LONDON -- Veterans began gathering Thursday on the Normandy beaches -- some of them perhaps for the last time at such a major commemoration -- to mark the 70th anniversary of the D-Day landings of World War II, even as their political leaders grappled anew with the conflict's legacy of East-West division.
On June 6, 1944, almost 160,000 Allied troops crossed from England to storm five beaches in northern France for an invasion that turned the fortunes of war against Nazi Germany. The huge operation was billed as history's biggest amphibious assault.
Among British veterans of the landings, some 650 former military personnel planned Thursday to retrace their route aboard a British warship to attend a ceremony at the easternmost of the five beaches, which was code-named Sword. The others, from west to east, were known in military planning as Utah, Omaha, Gold and Juno. U.S. troops landed at Utah and Omaha beaches.
At a time when American attention has been focused
on the fate of a single soldier captured in Afghanistan, the commemoration is likely to recall the vast scale and the huge, human odds at play during D-Day.
"It was a killing field," Harry Billinge, an 88-year-old British veteran, told the BBC, "I hope they will not forget the poor devils that died here."
Thousands of U.S., Canadian, British and German soldiers died as the Allied forces established the crucial bridgehead that began Operation Overlord -- the invasion of northwestern Europe as the Soviet Red Army pushed on Berlin from the east. French civilians also sustained heavy losses.
The defeat of Nazism led to Europe's division into hostile ideological camps, and to the Cold War -- the rivalry between Moscow and Washington that many analysts depict as having been revived by the crisis in Ukraine.
World leaders set to attend the 70th anniversary celebrations Friday include President Barack Obama, Chancellor Angela Merkel of Germany, President Vladimir V. Putin of Russia and Queen Elizabeth II of Britain alongside the country's prime minister, David Cameron.
While some Western leaders, including Cameron, Merkel and President Francois Hollande of France, have scheduled meetings with Putin during the anniversary, there is no immediate plan for Obama to meet the Russian leader.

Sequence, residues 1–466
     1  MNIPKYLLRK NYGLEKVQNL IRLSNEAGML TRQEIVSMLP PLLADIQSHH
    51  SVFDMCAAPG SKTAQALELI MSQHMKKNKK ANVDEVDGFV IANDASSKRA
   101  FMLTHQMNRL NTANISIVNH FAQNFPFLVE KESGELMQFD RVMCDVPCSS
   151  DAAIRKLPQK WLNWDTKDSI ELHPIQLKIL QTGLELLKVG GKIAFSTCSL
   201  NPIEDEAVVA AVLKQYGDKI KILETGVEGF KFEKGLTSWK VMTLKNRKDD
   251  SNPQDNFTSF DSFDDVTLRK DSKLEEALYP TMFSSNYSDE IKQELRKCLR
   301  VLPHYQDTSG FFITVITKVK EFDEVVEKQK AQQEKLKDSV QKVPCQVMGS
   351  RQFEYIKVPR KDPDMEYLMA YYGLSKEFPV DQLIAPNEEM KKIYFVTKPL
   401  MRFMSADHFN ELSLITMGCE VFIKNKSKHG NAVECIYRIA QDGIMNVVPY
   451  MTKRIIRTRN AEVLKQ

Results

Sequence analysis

On Wednesday, Putin offered to meet Obama during the celebrations, which began Thursday evening with a series of dinners in France. "There is no reason to think President Obama does not want to talk to the Russian president," Putin said. "It's his choice. I am ready for dialogue."
Hollande will shuttle between encounters Thursday evening with the U.S. and Russian leaders in Paris, holding separate dinners with each of them, French officials have said. Hollande also plans to try to broker a first encounter between Putin and Ukraine's president-elect, Petro O. Poroshenko.
Obama, visiting Europe this week, has been seeking to persuade allies in Central and Eastern Europe that the United States is being tough enough with Russia over its activities in Ukraine, where pro-Russian separatists are fighting government forces in the east and Moscow has annexed Crimea in the south.
Obama has also been trying to convince Western allies, most of which have powerful economic bonds with Moscow, to maintain pressure on Russia over the Ukraine crisis.
On Friday, the showcase international event grouping some 18 foreign leaders is scheduled to be held on landing beach Sword near the Normandy village of Ouistreham at its eastern extremity.
The dignitaries are to lunch nearby at the 18th-century Chateau de Benouville, a few miles from the beach. During the war, the building was used as a maternity hospital whose director, Lea Vion, achieved renown for sheltering downed Allied aircrews and supporting the French Resistance.
On Thursday, Prince Charles of Britain joined veterans in the same area, where, in 1944, paratroopers landed from low-flying gliders hours before the D-Day amphibious landings to capture Pegasus Bridge on the Orne River and thus protect British troops who came ashore at Sword Beach.